It is a question (well two questions) we get asked all the time. At first, I was nervous about sharing the costs of our build as I wasn’t sure whether it was something you should keep private. After talking it through with Ian, we came to the conclusion that if you went on a property programme showcasing a renovation in a ‘Before & After’ format, you would be expected to share the overall figure spent on the improvement. This is key information in support of the programme you are watching – I suppose we don’t really see Instagram as any different.
In our opinion, when you share the type of content we do on social media, you need to be ready to answer questions or share specific information that you might not necessarily be comfortable with. I wish we knew then what we know now in terms of the costs. Hopefully sharing these high-level numbers will help our readers and followers prepare and budget for their own project accordingly.
I recorded all the costs for our extension/renovation using a spreadsheet and updated it daily during the build. It was a great way of keeping tabs on everything and ensured we always knew what we had to spend. I recommend using one to help you stay within budget (or as close to budget as possible!)
We had an overall budget of £80,000 for Phase 1 which consisted of the kitchen extension, re-decorating and garden improvements too.
We also often get asked how we can afford all of this work in our house. £80,000 is a lot, and it is hard to believe we even spent that kind of money in the last two years. Ian and I were both fortunate enough to have equity in our previous properties; which allowed us to put down the deposit for the house and hold back enough cash to undertake most of the tasks we have completed to date.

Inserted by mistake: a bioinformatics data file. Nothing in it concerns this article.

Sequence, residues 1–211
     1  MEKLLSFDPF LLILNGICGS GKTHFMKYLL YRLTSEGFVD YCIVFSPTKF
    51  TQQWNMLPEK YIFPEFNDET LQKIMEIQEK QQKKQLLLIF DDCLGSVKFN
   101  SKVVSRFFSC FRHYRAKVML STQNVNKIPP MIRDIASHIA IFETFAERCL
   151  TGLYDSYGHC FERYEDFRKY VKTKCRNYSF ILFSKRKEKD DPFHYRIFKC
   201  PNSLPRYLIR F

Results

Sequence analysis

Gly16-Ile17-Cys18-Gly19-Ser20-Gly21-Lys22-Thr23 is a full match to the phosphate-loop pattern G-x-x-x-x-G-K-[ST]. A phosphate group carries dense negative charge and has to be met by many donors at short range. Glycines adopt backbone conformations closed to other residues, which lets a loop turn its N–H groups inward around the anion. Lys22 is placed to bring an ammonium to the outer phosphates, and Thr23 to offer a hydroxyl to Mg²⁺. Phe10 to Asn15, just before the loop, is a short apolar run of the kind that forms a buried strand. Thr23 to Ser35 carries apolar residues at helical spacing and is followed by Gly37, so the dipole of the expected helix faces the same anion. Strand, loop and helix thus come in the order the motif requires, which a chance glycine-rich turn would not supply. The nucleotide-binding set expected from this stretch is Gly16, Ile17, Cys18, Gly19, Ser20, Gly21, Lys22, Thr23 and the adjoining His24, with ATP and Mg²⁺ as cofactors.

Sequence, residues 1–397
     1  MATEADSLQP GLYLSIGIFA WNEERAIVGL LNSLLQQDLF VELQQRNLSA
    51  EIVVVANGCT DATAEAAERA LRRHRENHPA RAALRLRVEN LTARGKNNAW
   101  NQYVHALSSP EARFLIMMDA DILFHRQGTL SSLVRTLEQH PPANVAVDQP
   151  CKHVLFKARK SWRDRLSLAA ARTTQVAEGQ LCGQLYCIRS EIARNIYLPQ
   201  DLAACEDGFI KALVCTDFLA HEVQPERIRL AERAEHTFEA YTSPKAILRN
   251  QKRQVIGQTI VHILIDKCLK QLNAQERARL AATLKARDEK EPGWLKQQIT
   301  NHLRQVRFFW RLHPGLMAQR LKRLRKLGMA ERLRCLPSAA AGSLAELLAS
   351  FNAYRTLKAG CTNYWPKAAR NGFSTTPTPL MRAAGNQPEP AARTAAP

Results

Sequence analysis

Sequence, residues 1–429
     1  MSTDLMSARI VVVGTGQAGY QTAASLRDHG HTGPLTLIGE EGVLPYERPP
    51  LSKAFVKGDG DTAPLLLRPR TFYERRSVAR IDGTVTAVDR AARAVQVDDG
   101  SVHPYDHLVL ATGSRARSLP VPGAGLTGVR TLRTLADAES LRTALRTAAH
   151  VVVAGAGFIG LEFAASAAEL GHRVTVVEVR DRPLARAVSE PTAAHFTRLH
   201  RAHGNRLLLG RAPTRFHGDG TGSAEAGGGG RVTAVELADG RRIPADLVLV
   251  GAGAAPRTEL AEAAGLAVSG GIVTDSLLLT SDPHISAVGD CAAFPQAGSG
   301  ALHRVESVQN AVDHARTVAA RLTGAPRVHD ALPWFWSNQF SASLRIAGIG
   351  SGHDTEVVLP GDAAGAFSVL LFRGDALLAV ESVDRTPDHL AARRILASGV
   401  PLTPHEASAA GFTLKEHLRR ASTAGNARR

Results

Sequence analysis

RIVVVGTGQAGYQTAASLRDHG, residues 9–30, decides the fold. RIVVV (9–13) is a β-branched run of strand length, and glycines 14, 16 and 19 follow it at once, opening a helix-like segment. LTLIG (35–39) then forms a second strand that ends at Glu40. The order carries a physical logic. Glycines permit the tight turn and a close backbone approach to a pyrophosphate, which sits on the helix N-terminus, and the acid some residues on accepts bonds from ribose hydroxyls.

The overall costs for the project are as follows:
- Architect/Drawings/Building Costs/Planning Fees- £2,600
- Cost for the actual extension itself including all Labour came to £46,000 with the Windows and doors coming in at £4,000.
- We then spent £18,600 on the Kitchen, all appliances, Flooring (including flooring for the Hallway, Front Room, Lobby and New Extension Areas) Paint, Furniture (Stools, Swoon Storage Unit, Monks Bench) Shower and associated items, Downstairs Loo/Sink etc.
- £1,500 on general renovation tasks like Skips for clearing rubbish etc., 11 x reclaimed 1930s Internal Doors and New Carpet Downstairs, All Paint and DIY Essentials.
- £8,500 on the Garden to date – this includes The Patio, Sleepers, Decking Path, Labour and Plants for Garden.
Total of £81,200